Liebermanís tough road ahead
BY SETH GITELL
THURSDAY, JANUARY 8, 2003 -- Senator Joseph Lieberman is in a pickle. Lieberman wants to run for president and will likely announce his intention to form an exploratory committee next Monday. As a precursor to his run, Lieberman just returned from a fact-finding mission from the Middle East that is drawing fire from those on the right and those on the left. E.J. Kessler, writing in the Forward , reports that hawkish, mostly Orthodox, Jews are angry at Lieberman because he criticized the Bush Administrationís policy toward the Middle East and expressed support for a Palestinian state.
"The Orthodox community is troubled by his statements, by his trying to lean over backward for a Palestinian state," Mandell Ganchrow told Kessler. The trip, meanwhile, drew the ire of Israel-critic and Web columnist Prima Soho. In a piece headlined "Senator Lieberman meets his master. Israel," Soho excoriates Lieberman for making a distinction between Israel and Iraq in an interview with the Arab News. "Israel is not a danger to its people and its neighbors in a way that Iraq under Saddam is," Lieberman said. For Soho, who sends me her pieces which I can not easily find on the Internet, hence no link, Liebermanís comments demonstrate "the official Israeli viewpoint, and that of pro-Israeli lobby groups in the U.S." In other words, says Soho, Lieberman is a tool of Israel.
Putting aside the obvious and simple point that Soho is trotting out the usual anti-Semitic canard about American Jews -- that they are more loyal to Israel than America -- the contrast in the reactions of the two camps is stunning. For Orthodox Jews, Lieberman wasnít pro-Israel enough. For extreme anti-Israel critics, he was too pro-Israel. This is only a taste of what Lieberman has in store for him in a presidential run.
The world has changed since 2000 when Lieberman teamed up with Vice President Al Gore to win the popular vote. The aftermath of September 11 showed that anti-Semitism was once again a powerful force in the world: remember the rumor that swept the Arab world and much of the west that Jews didnít show up to work at the World Trade Center that day? Terrorists forced Wall Street Journal reporter Daniel Pearl to make his last words an admission of his Jewish identity. US policy on Israel has become a hot button dividing issue between America and Europe.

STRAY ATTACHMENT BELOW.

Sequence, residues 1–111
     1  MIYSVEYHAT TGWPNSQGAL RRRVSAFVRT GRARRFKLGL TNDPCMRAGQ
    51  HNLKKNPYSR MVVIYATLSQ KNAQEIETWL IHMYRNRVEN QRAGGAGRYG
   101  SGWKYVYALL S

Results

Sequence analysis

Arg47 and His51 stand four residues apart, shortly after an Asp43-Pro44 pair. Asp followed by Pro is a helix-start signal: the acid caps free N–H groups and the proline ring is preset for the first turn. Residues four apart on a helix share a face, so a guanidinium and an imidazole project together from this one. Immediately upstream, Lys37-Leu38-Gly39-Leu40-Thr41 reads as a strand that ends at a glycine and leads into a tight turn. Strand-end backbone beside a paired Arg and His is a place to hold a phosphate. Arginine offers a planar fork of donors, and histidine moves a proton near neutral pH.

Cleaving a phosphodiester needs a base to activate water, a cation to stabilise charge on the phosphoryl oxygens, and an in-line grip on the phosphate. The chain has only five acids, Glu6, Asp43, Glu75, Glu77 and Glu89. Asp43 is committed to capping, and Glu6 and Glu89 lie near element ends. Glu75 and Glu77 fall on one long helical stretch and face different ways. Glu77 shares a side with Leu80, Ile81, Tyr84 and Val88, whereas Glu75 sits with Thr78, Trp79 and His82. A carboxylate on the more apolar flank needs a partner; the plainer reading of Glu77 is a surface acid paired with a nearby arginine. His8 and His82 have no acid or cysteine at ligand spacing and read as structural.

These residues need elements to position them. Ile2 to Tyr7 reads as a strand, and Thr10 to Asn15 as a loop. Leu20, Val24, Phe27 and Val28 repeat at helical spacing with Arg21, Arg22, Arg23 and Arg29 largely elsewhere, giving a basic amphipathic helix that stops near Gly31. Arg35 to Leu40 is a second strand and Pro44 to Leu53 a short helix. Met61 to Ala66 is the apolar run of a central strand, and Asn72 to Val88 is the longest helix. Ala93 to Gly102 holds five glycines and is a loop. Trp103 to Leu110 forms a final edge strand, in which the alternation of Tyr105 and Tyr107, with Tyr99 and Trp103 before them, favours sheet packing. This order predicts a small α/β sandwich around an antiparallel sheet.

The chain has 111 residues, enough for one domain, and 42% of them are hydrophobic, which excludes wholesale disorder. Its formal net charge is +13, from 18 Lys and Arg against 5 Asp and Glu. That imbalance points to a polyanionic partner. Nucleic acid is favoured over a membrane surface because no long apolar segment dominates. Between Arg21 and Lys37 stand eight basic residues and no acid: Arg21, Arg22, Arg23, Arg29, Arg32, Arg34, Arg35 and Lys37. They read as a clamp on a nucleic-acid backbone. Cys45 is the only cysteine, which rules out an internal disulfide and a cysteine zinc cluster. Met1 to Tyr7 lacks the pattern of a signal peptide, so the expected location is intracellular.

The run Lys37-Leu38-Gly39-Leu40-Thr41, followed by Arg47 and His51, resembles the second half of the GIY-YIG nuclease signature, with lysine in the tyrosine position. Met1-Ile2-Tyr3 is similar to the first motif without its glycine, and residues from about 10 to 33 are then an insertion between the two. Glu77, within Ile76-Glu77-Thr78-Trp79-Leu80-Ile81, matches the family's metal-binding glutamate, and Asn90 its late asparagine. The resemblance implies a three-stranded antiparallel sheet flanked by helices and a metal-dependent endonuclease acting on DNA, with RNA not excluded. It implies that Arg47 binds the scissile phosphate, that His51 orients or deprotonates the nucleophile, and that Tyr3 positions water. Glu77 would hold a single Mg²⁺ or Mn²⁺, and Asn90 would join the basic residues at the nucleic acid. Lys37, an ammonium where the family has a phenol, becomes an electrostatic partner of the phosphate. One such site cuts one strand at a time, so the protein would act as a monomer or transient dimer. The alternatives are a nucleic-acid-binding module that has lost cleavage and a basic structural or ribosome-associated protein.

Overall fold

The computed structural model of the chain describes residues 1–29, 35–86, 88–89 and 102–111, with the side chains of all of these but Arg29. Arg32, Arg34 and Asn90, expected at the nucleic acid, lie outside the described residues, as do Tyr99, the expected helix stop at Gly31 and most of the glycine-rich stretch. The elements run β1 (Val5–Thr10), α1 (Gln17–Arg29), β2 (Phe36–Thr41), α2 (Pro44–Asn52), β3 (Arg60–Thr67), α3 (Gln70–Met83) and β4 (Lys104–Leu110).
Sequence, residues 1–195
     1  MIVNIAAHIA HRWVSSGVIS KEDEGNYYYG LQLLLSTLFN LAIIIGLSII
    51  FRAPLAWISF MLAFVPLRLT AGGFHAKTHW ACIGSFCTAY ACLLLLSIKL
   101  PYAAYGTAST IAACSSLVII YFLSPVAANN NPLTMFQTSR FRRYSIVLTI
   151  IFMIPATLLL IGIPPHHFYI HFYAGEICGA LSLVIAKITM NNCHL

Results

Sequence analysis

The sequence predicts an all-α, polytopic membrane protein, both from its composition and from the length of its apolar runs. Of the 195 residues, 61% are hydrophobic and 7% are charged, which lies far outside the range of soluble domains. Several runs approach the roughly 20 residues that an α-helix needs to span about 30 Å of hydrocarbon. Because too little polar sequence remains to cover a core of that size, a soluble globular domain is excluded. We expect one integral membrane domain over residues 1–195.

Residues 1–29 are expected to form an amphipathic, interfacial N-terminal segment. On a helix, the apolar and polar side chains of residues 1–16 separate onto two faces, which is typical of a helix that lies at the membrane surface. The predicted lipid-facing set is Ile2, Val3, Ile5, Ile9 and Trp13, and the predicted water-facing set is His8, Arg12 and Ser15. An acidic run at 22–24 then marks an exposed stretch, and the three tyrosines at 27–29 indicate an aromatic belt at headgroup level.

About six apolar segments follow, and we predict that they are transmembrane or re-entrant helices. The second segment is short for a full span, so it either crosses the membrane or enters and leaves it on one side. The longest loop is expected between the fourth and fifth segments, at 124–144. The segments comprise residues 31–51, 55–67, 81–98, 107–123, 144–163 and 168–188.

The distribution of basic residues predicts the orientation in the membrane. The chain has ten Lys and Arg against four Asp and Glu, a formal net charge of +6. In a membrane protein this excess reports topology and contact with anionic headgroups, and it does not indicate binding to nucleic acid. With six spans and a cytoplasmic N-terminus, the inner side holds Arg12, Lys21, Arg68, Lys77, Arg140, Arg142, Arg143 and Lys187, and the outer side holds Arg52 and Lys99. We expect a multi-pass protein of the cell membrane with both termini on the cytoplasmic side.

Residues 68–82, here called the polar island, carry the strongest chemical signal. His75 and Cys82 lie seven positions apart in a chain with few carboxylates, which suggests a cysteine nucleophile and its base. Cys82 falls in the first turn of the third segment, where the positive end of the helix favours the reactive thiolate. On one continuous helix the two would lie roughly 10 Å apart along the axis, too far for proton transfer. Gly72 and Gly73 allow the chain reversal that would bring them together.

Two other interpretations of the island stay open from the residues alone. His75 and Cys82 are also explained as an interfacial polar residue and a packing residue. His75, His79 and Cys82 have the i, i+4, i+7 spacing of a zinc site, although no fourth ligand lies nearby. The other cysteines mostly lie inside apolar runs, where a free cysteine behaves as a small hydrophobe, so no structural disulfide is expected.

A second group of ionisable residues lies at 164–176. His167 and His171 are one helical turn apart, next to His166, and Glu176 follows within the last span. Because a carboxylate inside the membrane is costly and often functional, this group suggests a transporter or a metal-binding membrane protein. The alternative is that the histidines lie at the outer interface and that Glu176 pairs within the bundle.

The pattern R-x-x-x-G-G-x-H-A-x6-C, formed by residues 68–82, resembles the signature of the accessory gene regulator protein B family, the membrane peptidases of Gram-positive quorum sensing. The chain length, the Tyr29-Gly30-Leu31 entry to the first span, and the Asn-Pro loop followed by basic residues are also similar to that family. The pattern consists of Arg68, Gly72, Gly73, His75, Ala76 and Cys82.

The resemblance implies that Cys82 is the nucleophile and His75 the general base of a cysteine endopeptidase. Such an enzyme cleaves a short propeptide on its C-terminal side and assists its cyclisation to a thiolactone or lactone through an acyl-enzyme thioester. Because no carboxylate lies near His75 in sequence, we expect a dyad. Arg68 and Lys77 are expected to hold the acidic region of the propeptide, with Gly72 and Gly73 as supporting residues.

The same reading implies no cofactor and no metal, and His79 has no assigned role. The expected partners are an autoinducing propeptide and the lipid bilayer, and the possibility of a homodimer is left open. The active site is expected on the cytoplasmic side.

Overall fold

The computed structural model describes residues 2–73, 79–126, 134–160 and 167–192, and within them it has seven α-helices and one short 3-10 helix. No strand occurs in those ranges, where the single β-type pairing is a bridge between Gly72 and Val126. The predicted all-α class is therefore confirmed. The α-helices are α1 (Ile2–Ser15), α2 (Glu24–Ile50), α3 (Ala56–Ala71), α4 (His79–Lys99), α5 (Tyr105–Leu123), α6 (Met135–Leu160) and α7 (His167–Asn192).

None of this is to suggest Lieberman should not run. The Democratic Party needs his updating of the philosophies of Henry M. "Scoop" Jackson for the modern era. Americans, generally, are free of bias on religious grounds. But Liebermanís Jewish identity will create a special obstacle that he will need to overcome.
Already, he is doing what he can on a personal level. When he is in Washington DC, he has been lingering after Sabbath services at Kesher Israel, his synagogue in Georgetown. (Known informally as Kesher, the synagogue is home to a host of low-key, but important, political activists and attendees such as Leon Wieseltier, the literary editor of the New Republic, Daniel Benjamin, a terrorism expert and the author of The Age of Sacred Terror, and Alfred Moses, a Clinton Administration ambassador to Romania.)
Rather than rushing out of synagogue to make the rest of the 1.5 mile trek back to his home -- observant Jews donít ride in cars on the Sabbath -- Lieberman, always friendly, has been making a special effort to take time after Saturday services and schmooze with regulars. "He was definitely hanging around the Kiddush [a small meal after services] for longer than usual," one worshipper told the Phoenix one attendee. "Heís been kibbitzing with everyone -- much longer than before."
Lieberman can hope that his personal charm can outweigh the obstacles to his campaign. But it will be a tough road in these tough days.
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Issue Date: January 9, 2003
"Today's Jolt" archives: 2002 2001
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